Choosing what flowers to grow
This is the fun part. Start by choosing your
favorite flowers in colors you like, and try something new or
different too. Don’t forget woody plants, perennials, and bulbs.
You can start many cutting garden varieties from seed. Plants
purchased from a nursery will give you blooms sooner.
some plants that make great cut flowers (and foliage)
Annuals: Ageratum houstonianum (floss flower),
Angelonia (angelonia), Antirrhinum (snapdragon), Asclepias
tuberosa (butterfly weed), Celosia (cockscomb), Cosmos (cosmos),
Gomphrena (gomphrena), Helianthus (sunflower), Helichrysum
bracteatum (strawflower), Limonium (statice), Moluccella (bells
of Ireland), Salvia (salvia), Nigella (love-in-a-mist), Tagetes
(marigold), Verbena bonariensis (verbena), Zinnia elegans
Perennials: Delphinium (larkspur), Echinacea
(coneflower), Ferns--many varieties, Gaillardia (blanket
flower), Gypsophila (baby’s breath), Helleborus (Lenten rose),
Hosta (plantain lily), Leucanthemum (daisy), Liatris spicata
(blazing star), Lilium (lily), Ornamental grasses--many
varieties, Paeonia (peony), Phlox (phlox), Stachys (lamb’s
Bulbs: Narcissus (daffodil), Tulipa (tulip),
Woody shrubs: Cornus (dogwood), Forsythia (forsythia), Hydrangea (hydrangea),
Itea virginica (sweetspire), Malus (crabapple) Prunus (cherry),
Rosa (rose), Salix matsudana ‘Tortuosa’ (curly willow), Salix
sachalinensis ‘Sekka’ (Japanese fantail willow), Syringa (lilac)
How to cut & condition flowers
Fill a clean, non-metal bucket with warm water
and floral preservative and take it with you into the garden as
you cut the flowers. The flowers will absorb the warm water more
readily than cool water, and there is less chance of air
blockage in the stems. It’s best to cut in the morning or
evening, when flowers are full of moisture. After gathering the
flowers, take them indoors and using a sharp knife or pruning
shears recut the stems on an angle, underwater. Remove the
foliage from the lower part of the stems since it rots under
water. Leave flowers in the bucket in a cool dark place for a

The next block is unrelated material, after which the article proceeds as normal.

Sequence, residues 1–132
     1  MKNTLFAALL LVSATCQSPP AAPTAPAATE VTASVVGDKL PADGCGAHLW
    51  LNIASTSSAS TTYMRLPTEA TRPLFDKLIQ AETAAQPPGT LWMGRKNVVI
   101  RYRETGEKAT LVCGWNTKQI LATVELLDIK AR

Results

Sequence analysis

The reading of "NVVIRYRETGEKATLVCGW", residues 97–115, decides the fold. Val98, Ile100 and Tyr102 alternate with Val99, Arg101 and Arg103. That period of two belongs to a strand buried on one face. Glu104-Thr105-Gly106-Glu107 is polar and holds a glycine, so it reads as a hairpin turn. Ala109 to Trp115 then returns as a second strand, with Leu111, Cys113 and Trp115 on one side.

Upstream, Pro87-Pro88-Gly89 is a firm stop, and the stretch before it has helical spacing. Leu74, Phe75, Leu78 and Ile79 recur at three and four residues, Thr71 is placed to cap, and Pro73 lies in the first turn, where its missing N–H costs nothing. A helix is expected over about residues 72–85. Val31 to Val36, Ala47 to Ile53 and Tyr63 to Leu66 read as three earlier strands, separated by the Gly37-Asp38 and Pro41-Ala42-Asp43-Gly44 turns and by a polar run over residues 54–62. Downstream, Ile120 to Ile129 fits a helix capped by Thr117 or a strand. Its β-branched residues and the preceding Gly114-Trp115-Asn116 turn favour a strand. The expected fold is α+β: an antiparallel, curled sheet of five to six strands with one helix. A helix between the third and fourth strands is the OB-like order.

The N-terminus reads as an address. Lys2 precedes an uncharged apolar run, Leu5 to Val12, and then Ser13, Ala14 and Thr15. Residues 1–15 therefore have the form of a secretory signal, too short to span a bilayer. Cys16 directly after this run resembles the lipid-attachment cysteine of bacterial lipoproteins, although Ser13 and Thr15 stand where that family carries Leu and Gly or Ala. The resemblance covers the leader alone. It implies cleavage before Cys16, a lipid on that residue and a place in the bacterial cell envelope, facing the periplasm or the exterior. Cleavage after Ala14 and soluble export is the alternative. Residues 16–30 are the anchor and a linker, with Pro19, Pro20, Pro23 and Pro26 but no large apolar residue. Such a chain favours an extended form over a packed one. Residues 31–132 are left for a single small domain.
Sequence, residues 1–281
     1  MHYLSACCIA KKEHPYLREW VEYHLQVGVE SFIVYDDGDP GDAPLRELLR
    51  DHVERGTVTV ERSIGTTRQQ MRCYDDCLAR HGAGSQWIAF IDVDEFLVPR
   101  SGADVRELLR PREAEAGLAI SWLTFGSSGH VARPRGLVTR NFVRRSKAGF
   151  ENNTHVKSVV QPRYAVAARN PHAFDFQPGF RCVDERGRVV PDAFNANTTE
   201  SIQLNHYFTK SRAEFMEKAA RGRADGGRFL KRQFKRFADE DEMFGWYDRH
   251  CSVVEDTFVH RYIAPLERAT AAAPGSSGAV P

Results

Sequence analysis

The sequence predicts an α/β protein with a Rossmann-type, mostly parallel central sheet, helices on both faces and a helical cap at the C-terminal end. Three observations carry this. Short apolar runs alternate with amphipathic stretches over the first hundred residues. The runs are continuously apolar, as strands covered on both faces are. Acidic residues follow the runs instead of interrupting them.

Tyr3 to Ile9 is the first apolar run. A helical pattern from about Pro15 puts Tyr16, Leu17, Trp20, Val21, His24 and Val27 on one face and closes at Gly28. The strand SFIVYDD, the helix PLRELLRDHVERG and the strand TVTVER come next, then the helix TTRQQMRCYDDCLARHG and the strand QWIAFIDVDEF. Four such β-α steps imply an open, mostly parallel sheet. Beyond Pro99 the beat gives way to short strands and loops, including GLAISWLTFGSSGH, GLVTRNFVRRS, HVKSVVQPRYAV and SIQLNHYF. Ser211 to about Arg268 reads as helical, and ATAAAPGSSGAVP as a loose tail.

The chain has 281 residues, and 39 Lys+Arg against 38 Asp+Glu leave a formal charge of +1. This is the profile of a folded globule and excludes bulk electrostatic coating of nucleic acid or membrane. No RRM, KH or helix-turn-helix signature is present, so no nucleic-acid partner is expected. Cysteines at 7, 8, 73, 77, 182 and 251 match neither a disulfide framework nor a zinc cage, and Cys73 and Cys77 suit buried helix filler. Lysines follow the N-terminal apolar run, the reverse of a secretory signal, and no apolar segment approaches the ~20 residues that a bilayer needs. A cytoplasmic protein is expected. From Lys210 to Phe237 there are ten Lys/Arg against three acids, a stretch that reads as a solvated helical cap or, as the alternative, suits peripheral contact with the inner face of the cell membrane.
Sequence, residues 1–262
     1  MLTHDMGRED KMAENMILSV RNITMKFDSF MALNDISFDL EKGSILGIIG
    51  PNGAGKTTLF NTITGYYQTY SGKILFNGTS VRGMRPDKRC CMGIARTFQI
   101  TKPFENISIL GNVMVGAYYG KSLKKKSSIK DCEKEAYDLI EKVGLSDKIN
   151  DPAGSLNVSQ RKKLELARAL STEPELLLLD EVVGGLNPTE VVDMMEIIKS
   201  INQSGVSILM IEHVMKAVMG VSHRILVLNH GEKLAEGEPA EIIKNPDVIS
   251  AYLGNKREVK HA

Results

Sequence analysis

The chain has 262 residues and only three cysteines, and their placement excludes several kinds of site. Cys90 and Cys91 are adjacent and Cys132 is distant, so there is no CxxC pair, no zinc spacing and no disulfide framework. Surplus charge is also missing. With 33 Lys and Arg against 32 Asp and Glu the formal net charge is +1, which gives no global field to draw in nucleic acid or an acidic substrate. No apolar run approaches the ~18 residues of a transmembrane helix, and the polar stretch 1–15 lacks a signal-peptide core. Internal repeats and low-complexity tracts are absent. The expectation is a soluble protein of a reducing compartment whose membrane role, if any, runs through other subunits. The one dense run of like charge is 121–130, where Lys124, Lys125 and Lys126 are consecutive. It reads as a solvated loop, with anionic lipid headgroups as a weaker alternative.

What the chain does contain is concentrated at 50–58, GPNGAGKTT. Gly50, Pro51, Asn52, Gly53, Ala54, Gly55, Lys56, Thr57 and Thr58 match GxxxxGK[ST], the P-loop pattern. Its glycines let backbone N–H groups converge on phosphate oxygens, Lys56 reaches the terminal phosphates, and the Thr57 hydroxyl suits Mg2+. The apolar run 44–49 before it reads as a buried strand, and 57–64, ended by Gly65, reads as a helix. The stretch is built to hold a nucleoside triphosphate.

minimum of two hours, but ideally overnight, before arranging.
Some flowers require special conditioning
Poppy stems ooze a milky sap and should be sealed with a flame
or dipped in very hot water for a few seconds after cutting.
Daffodil stems contain a substance that rots other flowers so
Flowers with hollow stems, like delphiniums and lupines, should
have their stems plugged with a bit of cotton after
Stems of woody plants should be split an inch or two from the
Rose thorns can be clipped off.
Tulips should be wrapped tightly in newspaper during
conditioning to keep them from opening too fast.
Arranging and caring for bouquets
As you arrange flowers, make a fresh angled cut
on each stem. You can arrange in your hand, in a vase, or in
moistened floral foam that can be used in a variety of
containers. Use your creativity and have fun with colors,
textures, and forms of flowers and foliage.
Prolong the life of your arrangement by using a
floral preservative in the water. Change the water daily and
re-cut stems every few days for maximum life. Do not re-use
floral foam, as the water holding capacity decreases and the
flowers may wilt prematurely.
Dried flower arrangements
Flowers from the list above that dry well include
strawflower, zinnia, coneflower, statice, baby’s breath, roses,
celosia, tall ageratum and hydrangea.
The simplest way to dry flowers is to tie in
small bunches and hang upside down in a warm dark room until
dry. Great results can be had by cutting stems to an inch and
layering flowers in silica gel or fine sand in a cardboard box.
It takes about six weeks for most flowers to dry this way.
To arrange dried flowers, add a wire stem and
wrap with floral tape then position in a styrofoam-filled
container. Dried flower arrangements can last a year or more.
Remove surface dust by spraying with canned air or using a hair
dryer on a low cool setting.
Pickling the Harvest
Fall gardening tasks